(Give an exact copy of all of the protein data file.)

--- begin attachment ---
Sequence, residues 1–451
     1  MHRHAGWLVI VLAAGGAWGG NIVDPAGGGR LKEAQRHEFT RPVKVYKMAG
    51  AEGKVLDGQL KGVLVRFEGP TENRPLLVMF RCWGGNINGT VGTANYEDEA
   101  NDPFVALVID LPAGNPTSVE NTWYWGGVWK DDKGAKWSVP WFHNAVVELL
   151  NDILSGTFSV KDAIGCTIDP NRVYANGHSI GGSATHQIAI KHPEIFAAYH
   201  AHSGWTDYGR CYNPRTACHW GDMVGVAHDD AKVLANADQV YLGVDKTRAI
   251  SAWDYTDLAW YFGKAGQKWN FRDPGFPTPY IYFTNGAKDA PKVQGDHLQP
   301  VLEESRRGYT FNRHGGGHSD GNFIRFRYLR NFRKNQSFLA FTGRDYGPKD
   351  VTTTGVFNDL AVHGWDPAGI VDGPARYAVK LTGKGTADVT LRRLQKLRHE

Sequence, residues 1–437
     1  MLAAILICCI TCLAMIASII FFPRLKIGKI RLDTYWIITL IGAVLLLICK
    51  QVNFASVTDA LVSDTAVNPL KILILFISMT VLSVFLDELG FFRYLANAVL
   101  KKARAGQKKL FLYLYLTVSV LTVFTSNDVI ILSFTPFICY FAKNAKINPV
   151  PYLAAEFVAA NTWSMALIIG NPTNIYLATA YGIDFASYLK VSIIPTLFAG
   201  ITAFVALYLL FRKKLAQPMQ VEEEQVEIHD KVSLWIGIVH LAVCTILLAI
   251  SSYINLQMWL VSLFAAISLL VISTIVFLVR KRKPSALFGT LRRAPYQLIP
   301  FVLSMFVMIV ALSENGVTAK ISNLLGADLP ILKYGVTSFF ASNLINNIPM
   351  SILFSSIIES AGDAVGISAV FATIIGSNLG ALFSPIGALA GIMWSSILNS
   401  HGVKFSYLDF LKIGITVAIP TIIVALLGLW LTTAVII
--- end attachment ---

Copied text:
Sequence, residues 1–451
     1  MHRHAGWLVI VLAAGGAWGG NIVDPAGGGR LKEAQRHEFT RPVKVYKMAG
    51  AEGKVLDGQL KGVLVRFEGP TENRPLLVMF RCWGGNINGT VGTANYEDEA
   101  NDPFVALVID LPAGNPTSVE NTWYWGGVWK DDKGAKWSVP WFHNAVVELL
   151  NDILSGTFSV KDAIGCTIDP NRVYANGHSI GGSATHQIAI KHPEIFAAYH
   201  AHSGWTDYGR CYNPRTACHW GDMVGVAHDD AKVLANADQV YLGVDKTRAI
   251  SAWDYTDLAW YFGKAGQKWN FRDPGFPTPY IYFTNGAKDA PKVQGDHLQP
   301  VLEESRRGYT FNRHGGGHSD GNFIRFRYLR NFRKNQSFLA FTGRDYGPKD
   351  VTTTGVFNDL AVHGWDPAGI VDGPARYAVK LTGKGTADVT LRRLQKLRHE

Sequence, residues 1–437
     1  MLAAILICCI TCLAMIASII FFPRLKIGKI RLDTYWIITL IGAVLLLICK
    51  QVNFASVTDA LVSDTAVNPL KILILFISMT VLSVFLDELG FFRYLANAVL
   101  KKARAGQKKL FLYLYLTVSV LTVFTSNDVI ILSFTPFICY FAKNAKINPV
   151  PYLAAEFVAA NTWSMALIIG NPTNIYLATA YGIDFASYLK VSIIPTLFAG
   201  ITAFVALYLL FRKKLAQPMQ VEEEQVEIHD KVSLWIGIVH LAVCTILLAI
   251  SSYINLQMWL VSLFAAISLL VISTIVFLVR KRKPSALFGT LRRAPYQLIP
   301  FVLSMFVMIV ALSENGVTAK ISNLLGADLP ILKYGVTSFF ASNLINNIPM
   351  SILFSSIIES AGDAVGISAV FATIIGSNLG ALFSPIGALA GIMWSSILNS
   401  HGVKFSYLDF LKIGITVAIP TIIVALLGLW LTTAVII